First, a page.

In the afternoon the ‘B’ flight was lucky enough to be selected for escort duty of a British B.E.2c from RFC-15 who was tasked with dropping his bombs on enemy troop camp positions near Champien. More clouds rolled in and this time with ground fog developing for good measure. Following landmarks would be near impossible. Luckily for the ‘B’ flight all that they needed to do was to find their two-seater and follow him along. Easier said than done. Finding part was easy. It’s the following bit that proved to be tricky. The British machine was so slow that the Nieuports were constantly dropping out of formation just to stay afloat. During one of those maneuvers de Geuser and Tsu touched wings and had to return back to base with damage. This made Voscadeaux nervous every time he had to swing to port where his remaining wingman, Garrigou was flying. They both had to be careful to stay with the Quirk and not collide. On top of that they had to keep an eye for the Fokkers, which could jump out of any of the clouds at any given moment. Finally, the B.E.2 reached the target area, dropped his load and quickly turned back, but something was wrong. They were not following their preplanned route. The Quirk had to land at La Cesne, an aerodrome way out of the way. Gaston was furious for this detour, but what could he do? He was ordered to escort and escort he shall. But now they were released and could finally head for home. Gaston will need an additional dose of le pinard to calm his nerves.


"Take the cylinder out of my kidneys,
The connecting rod out of my brain, my brain,
From out of my arse take the camshaft,
And assemble the engine again."
#4482633 - 07/13/19 09:09 AM Re: Deep Immersion DiD campaign -- Player Instructions (UPDATED 28 Nov 2018) [Re: Raine]  
Joined: Aug 2018
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Wulfe Offline
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Wulfe  Offline
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CONGRATULATIONS, Fullofit, on hitting the big 50! And by mid-1916, no less! Astounding.

Adj. James B. Fullard,
Esc. N.124 'Americaine',
Bar-le-Duc, France.


July 10th, 1916.


As promised, Nungesser treated us to dinner at a quaint little Cafe in Bar-le-Duc, regaling us for the evening with incredible stories of his battles in the air. The man sounded like a legendary swashbuckler, raiding formations of three, four, five Germans by himself. However, we were not the undivided object of his attention - and in the morning the poor Orderly had to interrogate two young Mademoiselles as to how to return them home from our Villa. Or, at least, so I heard from Rockwell. Prince, Luf, Blanchon, McConnell and I had already since departed on the dawn patrol over enemy lines by that point.

The sky had only just started to lighten as we lifted, bound for St. Mihiel, and the morning was bitterly cold. For the third day now, rain battered at our faces and stung our cheeks. How I envied Nungesser as we flew, cozied up in bed with his two young acquaintances! But, I reasoned, somebody had to be up fighting the air war. As we crossed into the pocket in the lines at St. Mihiel, the clouds closed up and swallowed us. I watched anxiously as Prince, Luf and McConnell disappeared behind a film of white ahead of me. When we broke through the other side, we were above the German rear trenches. Near the Lac de Madine some unpleasantly accurate AA fire added to our woes, but it quickly relented. I imagined the Germans below were no more pleased about having to work today than we were.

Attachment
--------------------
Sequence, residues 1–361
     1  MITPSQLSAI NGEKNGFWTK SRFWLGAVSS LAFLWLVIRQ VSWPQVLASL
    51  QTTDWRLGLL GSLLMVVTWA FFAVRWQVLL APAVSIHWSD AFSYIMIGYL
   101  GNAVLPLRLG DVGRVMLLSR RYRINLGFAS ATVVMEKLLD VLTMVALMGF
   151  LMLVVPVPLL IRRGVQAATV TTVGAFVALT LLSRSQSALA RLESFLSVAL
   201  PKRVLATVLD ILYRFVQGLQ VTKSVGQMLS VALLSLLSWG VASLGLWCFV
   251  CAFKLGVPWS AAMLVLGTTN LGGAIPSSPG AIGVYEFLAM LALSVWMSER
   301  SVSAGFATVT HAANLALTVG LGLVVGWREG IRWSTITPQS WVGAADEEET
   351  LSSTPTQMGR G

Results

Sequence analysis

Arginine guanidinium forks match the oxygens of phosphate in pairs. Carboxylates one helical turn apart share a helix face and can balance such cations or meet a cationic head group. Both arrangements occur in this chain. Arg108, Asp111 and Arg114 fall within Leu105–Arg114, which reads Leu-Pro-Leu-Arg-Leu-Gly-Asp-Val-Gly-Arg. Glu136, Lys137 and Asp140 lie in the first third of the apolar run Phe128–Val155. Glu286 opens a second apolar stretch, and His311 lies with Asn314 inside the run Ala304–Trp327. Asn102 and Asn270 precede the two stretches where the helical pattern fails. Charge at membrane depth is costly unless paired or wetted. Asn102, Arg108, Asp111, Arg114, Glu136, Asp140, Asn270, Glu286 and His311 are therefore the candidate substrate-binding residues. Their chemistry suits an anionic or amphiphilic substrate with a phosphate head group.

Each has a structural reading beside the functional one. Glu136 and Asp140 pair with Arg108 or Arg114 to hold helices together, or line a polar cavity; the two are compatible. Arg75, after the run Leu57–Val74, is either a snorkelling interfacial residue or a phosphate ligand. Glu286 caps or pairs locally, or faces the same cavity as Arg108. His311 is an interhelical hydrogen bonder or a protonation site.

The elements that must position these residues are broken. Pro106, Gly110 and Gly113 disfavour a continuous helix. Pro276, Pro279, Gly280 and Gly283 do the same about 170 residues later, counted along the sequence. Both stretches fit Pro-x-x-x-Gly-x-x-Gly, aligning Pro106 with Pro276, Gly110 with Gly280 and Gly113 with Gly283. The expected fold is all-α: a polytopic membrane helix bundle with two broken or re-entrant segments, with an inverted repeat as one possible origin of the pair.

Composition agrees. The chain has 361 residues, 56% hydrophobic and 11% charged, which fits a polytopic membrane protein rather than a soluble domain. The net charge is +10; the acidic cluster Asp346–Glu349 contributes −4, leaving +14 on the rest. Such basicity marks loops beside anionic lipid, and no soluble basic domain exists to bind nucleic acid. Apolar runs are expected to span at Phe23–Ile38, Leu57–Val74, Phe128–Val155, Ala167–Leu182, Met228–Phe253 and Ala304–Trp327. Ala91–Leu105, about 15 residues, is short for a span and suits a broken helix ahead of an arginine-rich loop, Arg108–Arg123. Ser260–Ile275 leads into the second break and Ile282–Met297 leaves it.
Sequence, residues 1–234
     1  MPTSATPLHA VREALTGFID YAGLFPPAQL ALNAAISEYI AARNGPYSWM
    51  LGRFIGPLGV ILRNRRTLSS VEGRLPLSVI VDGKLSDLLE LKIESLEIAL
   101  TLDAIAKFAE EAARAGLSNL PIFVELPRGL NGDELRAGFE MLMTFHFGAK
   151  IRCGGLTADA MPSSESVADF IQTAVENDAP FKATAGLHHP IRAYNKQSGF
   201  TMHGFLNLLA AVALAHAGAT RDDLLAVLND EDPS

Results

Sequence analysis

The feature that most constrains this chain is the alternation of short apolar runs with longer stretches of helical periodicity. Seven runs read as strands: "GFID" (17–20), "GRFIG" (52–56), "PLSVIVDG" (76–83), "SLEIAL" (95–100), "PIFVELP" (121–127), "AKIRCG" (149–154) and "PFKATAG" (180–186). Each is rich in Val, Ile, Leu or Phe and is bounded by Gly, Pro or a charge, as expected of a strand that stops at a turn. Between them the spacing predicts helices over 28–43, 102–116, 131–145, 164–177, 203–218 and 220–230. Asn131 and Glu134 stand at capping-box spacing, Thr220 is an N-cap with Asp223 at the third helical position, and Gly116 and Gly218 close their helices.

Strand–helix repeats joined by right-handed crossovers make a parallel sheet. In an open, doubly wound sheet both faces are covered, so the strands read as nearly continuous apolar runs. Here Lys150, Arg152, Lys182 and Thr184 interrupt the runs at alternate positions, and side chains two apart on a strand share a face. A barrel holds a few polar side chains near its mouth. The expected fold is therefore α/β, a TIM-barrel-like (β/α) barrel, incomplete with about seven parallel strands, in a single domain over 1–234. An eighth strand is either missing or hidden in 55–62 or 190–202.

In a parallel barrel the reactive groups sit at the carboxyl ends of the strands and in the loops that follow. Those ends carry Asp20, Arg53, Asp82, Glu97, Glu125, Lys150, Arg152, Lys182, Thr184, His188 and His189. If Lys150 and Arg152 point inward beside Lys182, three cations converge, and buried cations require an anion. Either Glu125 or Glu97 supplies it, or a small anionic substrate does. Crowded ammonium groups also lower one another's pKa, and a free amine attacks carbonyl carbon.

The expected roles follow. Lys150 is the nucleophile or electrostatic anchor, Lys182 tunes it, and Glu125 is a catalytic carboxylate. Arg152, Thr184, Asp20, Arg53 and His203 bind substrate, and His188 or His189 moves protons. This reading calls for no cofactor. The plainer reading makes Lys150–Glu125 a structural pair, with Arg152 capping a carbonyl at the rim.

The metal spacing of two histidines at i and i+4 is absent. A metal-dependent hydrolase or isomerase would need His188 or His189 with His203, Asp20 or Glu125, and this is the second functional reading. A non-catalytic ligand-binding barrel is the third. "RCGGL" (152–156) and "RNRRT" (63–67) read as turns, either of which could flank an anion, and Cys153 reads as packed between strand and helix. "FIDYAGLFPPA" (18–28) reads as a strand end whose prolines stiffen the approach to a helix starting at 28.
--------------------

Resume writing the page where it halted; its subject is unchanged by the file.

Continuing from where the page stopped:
After ten or so minutes of flying Westward, we turned back East to the beginning of our patrol route. What good is this? I bitterly thought, No Bosches are going to be up at 5 O’Clock in this weather!. We made this gruelling back-and-forth trip a further two times. Suddenly, on our third rotation, our formation abruptly scattered every which-way. Bosches. I circled too, frantically searching the murky grey clouds for our agitators. Luf lifted his nose up, standing on his tail and firing upwards. I followed the line of his tracers and discovered three Fokkers, swooping down upon us. We quickly climbed up to them, and I got behind one German who seemed to be a rookie. His movements in the air were unsure, and I had a good shot at him, but the wind was treacherous and knocked my aim off. The startled German dove sharply away, and I followed, chasing him low and firing as he swept down desperately for Thiaucourt aerodrome. Eventually I decided I had gotten too far down, and let the young rookie go. Circling back to the location of the fight, I only saw two other machines - a Nieuport and a Fokker, locked in a tense dogfight. It was McConnell - and the German had the upper hand. I fired a burst across the Eindecker’s front - it was another twin-gunned variant - at which point he simply zoomed up in a spiral climb away from us. I watched in awe as the German machine soared upwards. What was this new Eindecker?!

I couldn’t catch him, but McConnell’s Nieuport 16 strained upwards, and soon the Bosche was, too, diving for Thiaucourt. As he descended low he looped under McConnell and straightened out to land, apparently assuming we’d given up. I saw my chance. Diving down I fired the last of my ammunition into the German, his horrified face spinning around to face me before his machine buckled and fell into a spin. Quickly I curved away, not waiting to see if McConnell had witnessed the victory, and opened the throttle full towards home.